Restrictions imposed to contain the spread of COVID-19 were “too aggressive” in hindsight, Prime Minister Robert Abela has said.
“The measures we took were necessary back then, at a time when we lacked the advantage of knowing how to best contain the pandemic while inflicting the least possible damage on the economy,” Abela said at a press conference this evening.
“It was the first time we experienced something like this and, with the benefit of hindsight, one can say the measures we took were too aggressive.”
France’s Prime Minister Jean Castex recently ruled out imposing another national lockdown in the possible eventuality of a second wave of COVID-19 cases this autumn, while UK Prime Minister Boris Johnson said he does not think another lockdown will be imposed.
Abela said this train of thought was the general consensus of among European leaders who convened in Brussels over the weekend to trash out the details of the EU’s budget for the next seven years, as well as a COVID-19 recovery fund.
“I discussed this issue with EU leaders over the weekend and everyone basically had the same conclusion; we didn’t know what was about to hit us and we implemented measures which were perhaps too aggressive.”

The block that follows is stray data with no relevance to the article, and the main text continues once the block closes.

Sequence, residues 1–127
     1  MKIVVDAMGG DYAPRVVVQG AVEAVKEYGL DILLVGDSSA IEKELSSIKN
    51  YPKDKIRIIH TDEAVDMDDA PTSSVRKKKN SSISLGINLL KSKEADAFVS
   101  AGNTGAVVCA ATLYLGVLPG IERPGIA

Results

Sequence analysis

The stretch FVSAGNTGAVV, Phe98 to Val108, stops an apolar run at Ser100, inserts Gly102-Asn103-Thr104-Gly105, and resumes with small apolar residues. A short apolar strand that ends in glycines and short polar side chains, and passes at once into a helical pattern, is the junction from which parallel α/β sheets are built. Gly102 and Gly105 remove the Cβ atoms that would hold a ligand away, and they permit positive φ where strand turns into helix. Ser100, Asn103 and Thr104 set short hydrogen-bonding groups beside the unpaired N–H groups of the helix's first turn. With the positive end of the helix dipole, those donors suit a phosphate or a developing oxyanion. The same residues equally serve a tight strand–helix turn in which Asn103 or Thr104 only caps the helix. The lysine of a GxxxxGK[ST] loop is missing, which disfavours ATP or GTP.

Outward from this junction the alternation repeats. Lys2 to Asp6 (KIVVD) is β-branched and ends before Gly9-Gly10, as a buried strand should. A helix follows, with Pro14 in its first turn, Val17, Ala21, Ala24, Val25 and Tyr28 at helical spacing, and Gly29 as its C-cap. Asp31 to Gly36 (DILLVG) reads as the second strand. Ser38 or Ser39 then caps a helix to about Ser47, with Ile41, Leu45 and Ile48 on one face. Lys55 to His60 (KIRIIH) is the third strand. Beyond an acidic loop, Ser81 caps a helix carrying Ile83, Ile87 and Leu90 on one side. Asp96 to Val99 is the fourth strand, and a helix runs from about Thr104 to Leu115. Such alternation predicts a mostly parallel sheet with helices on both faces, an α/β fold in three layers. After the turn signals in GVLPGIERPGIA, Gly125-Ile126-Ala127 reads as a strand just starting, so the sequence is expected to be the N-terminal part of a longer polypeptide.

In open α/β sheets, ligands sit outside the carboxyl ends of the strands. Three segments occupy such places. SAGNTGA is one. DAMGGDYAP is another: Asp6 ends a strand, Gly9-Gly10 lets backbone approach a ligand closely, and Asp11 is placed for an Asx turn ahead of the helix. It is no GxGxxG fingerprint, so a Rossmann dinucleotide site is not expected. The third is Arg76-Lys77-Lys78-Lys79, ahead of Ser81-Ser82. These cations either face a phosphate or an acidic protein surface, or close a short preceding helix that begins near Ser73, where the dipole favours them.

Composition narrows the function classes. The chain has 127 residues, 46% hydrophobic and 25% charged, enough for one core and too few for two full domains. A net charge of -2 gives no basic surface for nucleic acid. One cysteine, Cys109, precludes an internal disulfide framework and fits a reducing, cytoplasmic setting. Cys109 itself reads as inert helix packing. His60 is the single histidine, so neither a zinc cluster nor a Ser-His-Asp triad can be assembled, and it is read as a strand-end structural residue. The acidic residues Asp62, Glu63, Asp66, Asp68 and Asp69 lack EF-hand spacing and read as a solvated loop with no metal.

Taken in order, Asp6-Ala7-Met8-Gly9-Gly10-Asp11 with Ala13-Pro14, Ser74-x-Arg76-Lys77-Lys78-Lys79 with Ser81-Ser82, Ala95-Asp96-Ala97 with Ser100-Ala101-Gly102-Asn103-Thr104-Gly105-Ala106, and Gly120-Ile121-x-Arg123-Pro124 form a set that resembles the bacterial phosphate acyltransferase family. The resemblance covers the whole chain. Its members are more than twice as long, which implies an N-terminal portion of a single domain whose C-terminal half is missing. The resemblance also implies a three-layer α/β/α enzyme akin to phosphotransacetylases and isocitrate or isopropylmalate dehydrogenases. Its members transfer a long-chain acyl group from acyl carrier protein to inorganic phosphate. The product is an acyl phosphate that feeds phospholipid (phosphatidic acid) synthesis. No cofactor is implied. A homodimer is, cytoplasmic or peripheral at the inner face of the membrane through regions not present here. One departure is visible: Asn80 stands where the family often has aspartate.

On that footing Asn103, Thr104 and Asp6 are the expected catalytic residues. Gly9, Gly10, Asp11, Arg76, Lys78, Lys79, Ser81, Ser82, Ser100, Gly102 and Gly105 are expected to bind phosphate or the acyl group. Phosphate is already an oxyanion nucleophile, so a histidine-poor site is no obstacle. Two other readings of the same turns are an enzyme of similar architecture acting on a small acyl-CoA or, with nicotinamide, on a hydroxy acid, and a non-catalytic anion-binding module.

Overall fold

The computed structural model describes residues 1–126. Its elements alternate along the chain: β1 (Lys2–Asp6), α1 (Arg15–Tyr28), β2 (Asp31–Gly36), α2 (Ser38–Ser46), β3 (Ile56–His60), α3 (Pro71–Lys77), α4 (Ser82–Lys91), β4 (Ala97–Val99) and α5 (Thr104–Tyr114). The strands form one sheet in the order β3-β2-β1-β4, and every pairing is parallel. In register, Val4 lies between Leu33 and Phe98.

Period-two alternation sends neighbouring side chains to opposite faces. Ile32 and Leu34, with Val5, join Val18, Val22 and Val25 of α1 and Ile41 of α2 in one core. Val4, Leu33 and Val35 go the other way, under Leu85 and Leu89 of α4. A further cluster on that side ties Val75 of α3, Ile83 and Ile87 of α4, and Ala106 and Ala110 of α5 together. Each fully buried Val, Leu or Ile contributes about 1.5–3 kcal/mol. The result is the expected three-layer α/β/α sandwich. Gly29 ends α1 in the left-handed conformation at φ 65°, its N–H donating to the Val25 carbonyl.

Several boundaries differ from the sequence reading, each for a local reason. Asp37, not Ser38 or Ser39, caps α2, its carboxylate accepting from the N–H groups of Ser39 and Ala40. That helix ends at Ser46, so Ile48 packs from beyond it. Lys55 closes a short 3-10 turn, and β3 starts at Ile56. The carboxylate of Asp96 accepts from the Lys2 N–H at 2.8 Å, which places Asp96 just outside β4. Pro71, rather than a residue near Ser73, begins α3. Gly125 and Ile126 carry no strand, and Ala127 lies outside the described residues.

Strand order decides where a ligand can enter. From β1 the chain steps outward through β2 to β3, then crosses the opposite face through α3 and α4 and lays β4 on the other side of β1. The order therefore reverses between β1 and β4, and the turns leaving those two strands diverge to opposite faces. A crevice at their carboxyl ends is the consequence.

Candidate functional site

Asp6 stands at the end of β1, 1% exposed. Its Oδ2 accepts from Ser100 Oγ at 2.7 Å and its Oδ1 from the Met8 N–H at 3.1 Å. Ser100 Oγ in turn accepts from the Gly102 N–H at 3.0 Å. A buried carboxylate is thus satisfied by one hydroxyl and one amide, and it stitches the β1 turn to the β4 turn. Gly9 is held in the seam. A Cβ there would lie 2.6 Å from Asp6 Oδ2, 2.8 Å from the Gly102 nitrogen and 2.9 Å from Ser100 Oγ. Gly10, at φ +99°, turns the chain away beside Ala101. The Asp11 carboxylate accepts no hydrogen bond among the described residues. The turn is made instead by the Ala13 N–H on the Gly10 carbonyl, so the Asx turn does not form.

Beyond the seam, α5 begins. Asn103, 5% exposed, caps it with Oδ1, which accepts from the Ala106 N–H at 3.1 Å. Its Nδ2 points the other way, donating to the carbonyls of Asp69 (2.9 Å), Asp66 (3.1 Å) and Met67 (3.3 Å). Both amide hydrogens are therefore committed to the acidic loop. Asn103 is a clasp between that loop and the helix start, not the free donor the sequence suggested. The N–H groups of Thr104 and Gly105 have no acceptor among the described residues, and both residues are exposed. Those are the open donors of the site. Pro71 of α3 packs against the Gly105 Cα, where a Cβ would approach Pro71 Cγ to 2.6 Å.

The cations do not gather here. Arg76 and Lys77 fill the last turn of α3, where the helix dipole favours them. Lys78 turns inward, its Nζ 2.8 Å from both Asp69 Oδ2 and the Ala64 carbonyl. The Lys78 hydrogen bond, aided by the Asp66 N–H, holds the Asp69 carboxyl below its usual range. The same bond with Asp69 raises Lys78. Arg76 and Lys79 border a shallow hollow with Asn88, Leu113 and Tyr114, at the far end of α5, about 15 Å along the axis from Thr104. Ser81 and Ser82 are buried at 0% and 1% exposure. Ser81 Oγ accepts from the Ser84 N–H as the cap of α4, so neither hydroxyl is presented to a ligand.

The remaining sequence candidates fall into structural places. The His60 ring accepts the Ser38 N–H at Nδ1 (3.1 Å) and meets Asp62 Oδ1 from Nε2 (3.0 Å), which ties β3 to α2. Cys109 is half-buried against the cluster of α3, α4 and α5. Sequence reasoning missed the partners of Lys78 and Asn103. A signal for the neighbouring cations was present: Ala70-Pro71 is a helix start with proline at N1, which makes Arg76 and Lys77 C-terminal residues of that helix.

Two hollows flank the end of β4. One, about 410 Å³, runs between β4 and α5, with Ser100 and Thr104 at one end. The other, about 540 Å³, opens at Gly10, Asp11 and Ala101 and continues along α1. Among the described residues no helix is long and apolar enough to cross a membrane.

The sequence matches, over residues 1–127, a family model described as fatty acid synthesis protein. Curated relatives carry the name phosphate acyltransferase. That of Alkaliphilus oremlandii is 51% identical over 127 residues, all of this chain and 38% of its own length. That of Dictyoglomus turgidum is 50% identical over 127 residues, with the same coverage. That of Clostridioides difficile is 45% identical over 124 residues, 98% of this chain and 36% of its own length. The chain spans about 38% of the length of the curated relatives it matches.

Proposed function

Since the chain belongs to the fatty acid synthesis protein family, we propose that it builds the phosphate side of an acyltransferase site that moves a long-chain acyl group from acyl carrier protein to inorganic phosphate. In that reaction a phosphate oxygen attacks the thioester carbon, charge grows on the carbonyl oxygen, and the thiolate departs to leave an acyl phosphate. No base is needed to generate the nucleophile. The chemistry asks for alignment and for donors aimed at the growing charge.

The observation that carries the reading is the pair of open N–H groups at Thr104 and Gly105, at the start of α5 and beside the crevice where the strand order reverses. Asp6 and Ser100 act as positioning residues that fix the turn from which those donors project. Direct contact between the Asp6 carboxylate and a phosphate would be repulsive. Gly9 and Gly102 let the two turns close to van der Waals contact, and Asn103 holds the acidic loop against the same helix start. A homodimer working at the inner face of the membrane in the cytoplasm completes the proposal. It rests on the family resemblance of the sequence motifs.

He said he wants to look to the future with a bright perspective, rather than postulate on whether or not a second outbreak of the virus will take place.
Malta imposed several restrictions earlier this year, closing down schools, restaurants, bars, gyms and non-essential outlets, banning travel to and from the island, and imposing fines on people who gathered in public in small groups.
Abela said he is confident the health authorities will be able to maintain the current situation, one where COVID-19 cases have dropped to tiny figures and all restrictions have been lifted.
“I advise everyone to follow health precautions so we can say that Malta is a model country on how to control the pandemic, from a medical and economic factor, and from the fact that we’ve returned to normality.”